Friday, November 04, 2016

Post Soylent Burgh update

I have been conducting a natural experiment of sorts here.   I was wondering if this random corner of the 'Burghosphere (remember that term? Others do) remained quiescent, would others pick up commenting on such obscure things as I have obsessed on here?  The results are mixed, but lean toward no.

So here is one of those stats that is an awfully lot more important than you might think given it has had so little notice.  The latest update (with data for 2015) on natural population change for Pennsylvania municipalities has been available.  Following up on past posts here, this is the trend in births and deaths for City of Pittsburgh residents.





Take for what you want.  The shift back to natural population gains (births > deaths) from natural population decline (deaths > births) happened about a decade ago and continues. In itself that has been a positive for population trends in the city of Pittsburgh, but the scale of  the net gain (births minus deaths) is narrowing. I believe that in the long run city of Pittsburgh population will depend more on migration trends, but still the natural population trends are important.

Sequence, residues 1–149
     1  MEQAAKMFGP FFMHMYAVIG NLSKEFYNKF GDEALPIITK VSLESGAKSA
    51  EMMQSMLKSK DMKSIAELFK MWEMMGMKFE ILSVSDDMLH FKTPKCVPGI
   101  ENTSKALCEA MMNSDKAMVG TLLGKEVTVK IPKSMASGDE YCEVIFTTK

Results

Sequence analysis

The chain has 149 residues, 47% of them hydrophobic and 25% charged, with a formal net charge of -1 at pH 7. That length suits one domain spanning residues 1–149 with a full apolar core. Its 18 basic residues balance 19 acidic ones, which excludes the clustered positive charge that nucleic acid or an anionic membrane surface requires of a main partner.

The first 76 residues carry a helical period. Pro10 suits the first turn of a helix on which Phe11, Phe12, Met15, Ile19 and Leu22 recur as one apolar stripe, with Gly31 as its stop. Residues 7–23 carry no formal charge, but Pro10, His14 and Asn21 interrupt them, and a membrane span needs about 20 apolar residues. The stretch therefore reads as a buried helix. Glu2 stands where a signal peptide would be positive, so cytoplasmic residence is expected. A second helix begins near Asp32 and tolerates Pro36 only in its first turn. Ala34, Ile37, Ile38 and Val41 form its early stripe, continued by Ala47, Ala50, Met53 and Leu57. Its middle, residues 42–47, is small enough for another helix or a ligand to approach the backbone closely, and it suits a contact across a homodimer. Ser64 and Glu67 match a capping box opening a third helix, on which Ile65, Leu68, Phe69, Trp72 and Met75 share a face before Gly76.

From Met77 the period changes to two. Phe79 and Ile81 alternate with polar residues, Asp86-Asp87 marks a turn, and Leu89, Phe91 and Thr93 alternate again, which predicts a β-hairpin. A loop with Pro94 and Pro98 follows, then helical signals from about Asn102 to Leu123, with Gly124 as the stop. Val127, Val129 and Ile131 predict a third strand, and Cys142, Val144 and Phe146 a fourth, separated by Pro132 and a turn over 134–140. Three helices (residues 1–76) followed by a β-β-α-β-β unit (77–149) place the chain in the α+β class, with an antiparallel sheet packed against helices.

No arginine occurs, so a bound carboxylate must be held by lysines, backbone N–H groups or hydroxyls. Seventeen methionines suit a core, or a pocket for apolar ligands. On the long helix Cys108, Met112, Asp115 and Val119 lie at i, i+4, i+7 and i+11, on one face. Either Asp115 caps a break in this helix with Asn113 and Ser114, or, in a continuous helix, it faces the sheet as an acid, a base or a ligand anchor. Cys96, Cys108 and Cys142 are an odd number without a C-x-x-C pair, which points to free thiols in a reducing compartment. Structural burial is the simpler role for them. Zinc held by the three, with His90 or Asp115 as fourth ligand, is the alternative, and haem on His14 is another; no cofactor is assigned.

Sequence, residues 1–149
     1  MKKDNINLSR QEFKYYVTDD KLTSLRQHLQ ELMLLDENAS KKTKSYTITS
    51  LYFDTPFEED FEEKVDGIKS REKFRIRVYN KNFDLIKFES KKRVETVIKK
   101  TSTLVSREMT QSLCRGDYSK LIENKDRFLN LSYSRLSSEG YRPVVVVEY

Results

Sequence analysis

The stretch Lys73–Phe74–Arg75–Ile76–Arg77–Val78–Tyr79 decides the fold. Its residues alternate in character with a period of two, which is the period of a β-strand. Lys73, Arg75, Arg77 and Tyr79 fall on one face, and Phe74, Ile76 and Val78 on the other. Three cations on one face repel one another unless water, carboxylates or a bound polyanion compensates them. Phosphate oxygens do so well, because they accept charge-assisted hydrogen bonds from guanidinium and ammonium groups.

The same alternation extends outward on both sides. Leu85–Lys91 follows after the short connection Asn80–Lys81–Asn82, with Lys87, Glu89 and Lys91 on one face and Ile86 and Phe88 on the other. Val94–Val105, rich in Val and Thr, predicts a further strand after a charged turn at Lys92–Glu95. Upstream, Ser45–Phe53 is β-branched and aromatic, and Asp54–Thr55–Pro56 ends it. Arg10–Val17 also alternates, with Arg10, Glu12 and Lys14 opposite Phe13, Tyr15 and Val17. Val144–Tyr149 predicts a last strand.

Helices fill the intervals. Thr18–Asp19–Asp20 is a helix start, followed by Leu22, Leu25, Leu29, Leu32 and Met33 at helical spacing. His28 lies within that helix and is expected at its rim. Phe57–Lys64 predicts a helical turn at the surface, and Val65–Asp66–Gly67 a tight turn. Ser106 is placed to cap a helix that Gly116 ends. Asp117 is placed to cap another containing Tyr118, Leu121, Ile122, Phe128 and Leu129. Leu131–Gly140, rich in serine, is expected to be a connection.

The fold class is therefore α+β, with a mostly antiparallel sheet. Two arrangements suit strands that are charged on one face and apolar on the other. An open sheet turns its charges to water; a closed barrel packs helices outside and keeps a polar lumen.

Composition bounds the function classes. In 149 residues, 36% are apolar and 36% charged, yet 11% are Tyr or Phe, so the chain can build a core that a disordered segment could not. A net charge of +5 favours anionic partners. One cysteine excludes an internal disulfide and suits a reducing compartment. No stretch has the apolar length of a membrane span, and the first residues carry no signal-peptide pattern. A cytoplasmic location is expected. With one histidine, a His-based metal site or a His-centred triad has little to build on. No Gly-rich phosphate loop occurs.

The trend in number of births to city of Pittsburgh residents continues a slow but steady decline.  Not immensely below where births were a decade ago, before the number bumped up a bit, but not showing any sign of trending up at the very least.  The implications for that number span across things like future school enrollments and projections for the number of families living in the city proper. Also the fact that there has been steady natural population gains is important context for interpreting overall city population trends, which have shown more stability this decade than in decades previous.

Caveats as always. 2015 data is clearly labeled preliminary by the state.  There has been some upward revisions in past preliminary data on births, so the 2015 data may show up as higher in the end.

1 Comments:

Blogger BrianTH said...

I wonder how much the ongoing decline in fertility rates among younger women is contributing to that ongoing decline.

Generally it will be interesting to see if the observed boom in young adult population ever translates into an increase in middle-aged adults (not one to one, but at a normal retention rate), and whether that in turn ever translates to an increase in births.

Sunday, November 13, 2016 8:22:00 AM  

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